A Company of Readers
Uncollected Writings of W. H. Auden, Jacques Barzun, and Lionel Trilling from the Reader's Subscription and Mid-Century Book Clubs(amazon)
Arthur Krystal (View Bio)
Hardcover: The Free Press, 2001.
"Poets and professors and all those whose love of books exceeds their love of automobiles will welcome a chance to save in excess of 50% on their book purchases." — W. H. Auden
Between 1951 and 1962, the poet W. H. Auden, the historian Jacques Barzun, and the critic Lionel Trilling participated in a joint venture unique in the annals of American culture. Blending the commercial with the intellectual, these eminent writers and teachers established The Reader's Subscription Book Club and later The Mid-Century Book Society. They were the editorial boards and the writers of the clubs' periodicals, respectively The Griffin and The Mid-Century. Edited by Arthur Krystal, this book brings together a selection of their essays on books they selected for the clubs. They make for fascinating reading: Auden on Philip Larkin and Geoffrey Hill, on cooking and on drugs; Barzun on John Kenneth Galbraith, Robert Lowell, and Virginia Woolf; Trilling on James Baldwin's ANOTHER COUNTRY.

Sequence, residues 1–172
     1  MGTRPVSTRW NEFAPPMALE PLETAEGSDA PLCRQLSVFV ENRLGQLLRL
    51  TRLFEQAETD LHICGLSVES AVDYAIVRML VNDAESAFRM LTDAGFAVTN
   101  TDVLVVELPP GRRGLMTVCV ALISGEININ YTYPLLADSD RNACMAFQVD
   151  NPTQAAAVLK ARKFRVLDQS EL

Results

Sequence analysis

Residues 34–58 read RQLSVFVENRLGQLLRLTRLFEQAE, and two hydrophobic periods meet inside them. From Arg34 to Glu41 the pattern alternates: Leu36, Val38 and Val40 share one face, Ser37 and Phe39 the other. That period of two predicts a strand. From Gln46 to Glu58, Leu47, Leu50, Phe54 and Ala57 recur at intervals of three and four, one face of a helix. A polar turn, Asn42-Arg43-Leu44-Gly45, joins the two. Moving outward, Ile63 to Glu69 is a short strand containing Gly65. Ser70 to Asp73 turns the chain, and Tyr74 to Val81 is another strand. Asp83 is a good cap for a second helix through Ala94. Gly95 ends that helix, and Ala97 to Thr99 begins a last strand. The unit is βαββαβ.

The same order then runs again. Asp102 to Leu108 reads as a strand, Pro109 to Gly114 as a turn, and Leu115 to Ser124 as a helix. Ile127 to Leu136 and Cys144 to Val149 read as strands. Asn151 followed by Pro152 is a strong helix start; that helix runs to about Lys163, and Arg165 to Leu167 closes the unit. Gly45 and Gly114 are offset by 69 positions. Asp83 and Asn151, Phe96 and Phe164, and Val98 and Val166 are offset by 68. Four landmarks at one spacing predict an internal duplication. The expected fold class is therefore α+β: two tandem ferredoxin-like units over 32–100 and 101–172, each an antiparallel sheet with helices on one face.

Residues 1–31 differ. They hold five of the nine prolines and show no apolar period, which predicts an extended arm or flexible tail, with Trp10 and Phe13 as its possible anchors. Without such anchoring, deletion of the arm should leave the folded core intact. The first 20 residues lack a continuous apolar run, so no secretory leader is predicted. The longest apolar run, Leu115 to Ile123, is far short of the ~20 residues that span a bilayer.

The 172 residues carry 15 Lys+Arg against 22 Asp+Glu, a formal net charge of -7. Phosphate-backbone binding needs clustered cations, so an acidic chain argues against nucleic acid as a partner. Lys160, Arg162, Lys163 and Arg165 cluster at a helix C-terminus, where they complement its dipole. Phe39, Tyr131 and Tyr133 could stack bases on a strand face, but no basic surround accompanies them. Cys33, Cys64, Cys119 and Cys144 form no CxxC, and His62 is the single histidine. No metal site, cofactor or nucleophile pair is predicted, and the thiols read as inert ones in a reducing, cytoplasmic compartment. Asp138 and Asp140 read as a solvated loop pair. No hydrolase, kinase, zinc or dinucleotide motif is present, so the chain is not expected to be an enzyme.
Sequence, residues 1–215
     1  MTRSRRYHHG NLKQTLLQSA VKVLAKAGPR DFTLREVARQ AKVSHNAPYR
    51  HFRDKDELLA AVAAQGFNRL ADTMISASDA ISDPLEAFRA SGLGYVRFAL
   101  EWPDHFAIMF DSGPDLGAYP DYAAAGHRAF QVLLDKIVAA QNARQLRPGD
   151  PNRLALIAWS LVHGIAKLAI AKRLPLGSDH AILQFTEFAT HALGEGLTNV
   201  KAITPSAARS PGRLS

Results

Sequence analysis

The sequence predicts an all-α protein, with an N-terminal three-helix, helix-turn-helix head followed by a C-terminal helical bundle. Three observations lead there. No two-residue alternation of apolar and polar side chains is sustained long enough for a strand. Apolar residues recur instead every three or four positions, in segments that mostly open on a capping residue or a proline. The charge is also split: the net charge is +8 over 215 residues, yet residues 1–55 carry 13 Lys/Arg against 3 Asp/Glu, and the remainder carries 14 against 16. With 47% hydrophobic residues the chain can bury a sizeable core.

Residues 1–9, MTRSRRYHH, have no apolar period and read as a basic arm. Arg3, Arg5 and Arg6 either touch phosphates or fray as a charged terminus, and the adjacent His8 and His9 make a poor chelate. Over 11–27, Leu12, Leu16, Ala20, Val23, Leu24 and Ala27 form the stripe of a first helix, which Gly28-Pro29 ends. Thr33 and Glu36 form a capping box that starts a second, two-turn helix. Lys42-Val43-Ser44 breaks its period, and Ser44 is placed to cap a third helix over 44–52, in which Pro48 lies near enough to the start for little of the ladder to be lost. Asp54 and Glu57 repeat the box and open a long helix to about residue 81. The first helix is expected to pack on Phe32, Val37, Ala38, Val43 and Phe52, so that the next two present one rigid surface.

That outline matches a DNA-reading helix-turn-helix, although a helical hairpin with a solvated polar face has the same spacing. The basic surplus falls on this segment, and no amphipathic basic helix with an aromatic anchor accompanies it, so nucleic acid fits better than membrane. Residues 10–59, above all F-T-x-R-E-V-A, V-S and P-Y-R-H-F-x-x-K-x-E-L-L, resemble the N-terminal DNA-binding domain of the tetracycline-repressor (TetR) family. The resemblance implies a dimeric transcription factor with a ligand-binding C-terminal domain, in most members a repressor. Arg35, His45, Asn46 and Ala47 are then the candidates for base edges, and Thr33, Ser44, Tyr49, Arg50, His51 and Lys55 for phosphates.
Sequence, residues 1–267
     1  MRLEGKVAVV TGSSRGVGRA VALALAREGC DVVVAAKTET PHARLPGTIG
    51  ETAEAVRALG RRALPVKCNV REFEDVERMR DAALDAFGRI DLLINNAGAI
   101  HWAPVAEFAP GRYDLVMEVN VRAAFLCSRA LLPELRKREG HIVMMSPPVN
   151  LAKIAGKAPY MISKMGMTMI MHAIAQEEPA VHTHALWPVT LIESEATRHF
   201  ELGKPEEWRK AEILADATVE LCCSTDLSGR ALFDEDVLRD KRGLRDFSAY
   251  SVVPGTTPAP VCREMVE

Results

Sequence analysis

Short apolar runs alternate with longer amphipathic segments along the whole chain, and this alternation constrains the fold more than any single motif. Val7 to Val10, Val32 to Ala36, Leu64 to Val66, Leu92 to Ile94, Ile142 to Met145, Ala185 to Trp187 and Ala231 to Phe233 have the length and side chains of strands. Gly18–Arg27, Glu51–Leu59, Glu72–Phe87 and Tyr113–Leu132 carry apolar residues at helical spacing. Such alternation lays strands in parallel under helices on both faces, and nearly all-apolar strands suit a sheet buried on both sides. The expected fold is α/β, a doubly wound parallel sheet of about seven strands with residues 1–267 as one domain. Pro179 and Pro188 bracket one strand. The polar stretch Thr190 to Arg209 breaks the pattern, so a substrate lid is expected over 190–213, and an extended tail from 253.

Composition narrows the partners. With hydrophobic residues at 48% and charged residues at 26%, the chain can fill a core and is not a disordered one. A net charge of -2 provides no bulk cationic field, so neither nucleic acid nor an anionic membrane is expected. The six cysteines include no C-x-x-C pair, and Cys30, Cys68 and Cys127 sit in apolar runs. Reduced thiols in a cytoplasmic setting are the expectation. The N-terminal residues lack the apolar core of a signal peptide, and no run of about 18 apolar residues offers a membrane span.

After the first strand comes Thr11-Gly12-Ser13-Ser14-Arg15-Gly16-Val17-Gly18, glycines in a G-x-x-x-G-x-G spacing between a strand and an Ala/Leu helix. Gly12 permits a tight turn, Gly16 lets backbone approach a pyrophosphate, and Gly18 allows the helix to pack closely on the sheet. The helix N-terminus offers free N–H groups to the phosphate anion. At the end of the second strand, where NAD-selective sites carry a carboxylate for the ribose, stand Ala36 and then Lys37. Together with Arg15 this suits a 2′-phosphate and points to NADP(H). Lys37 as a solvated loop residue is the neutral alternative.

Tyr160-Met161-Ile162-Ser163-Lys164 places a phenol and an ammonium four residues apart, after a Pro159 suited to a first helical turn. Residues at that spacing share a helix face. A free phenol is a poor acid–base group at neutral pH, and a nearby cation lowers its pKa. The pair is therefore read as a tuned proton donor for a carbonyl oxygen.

"A lit-crit treasure trove." — Newsweek
"A COMPANY OF READERS is one of those brilliant book ideas so 'obvious' that nobody ever thinks to carry them out. Merely to note a few particularly fortunate pairings of writer and subject is to suggest the endless riches of such a collection.... All three judges wrote of books in the clear, elegant language of the learned men who devoutly believed that culture is accessible to the nonspecialist, whatever his background or condition of life...[W]e have A COMPANY OF READERS to serve as a permanent — and uncomfortable — reminder that America at midcentury was a very different place indeed." — The Wall Street Journal
"A COMPANY OF READERS further reveals the depths of [Barzun's] roots in American letters...the book shows the mid-century giants in full public intellectual mode: introducing, pronouncing, off-handedly dismissing — acts that gave thousands of book club subscribers the terms by which they read the likes of Joyce, Baldwin, Faulkner, Colette, and many other greats." — Publishers Weekly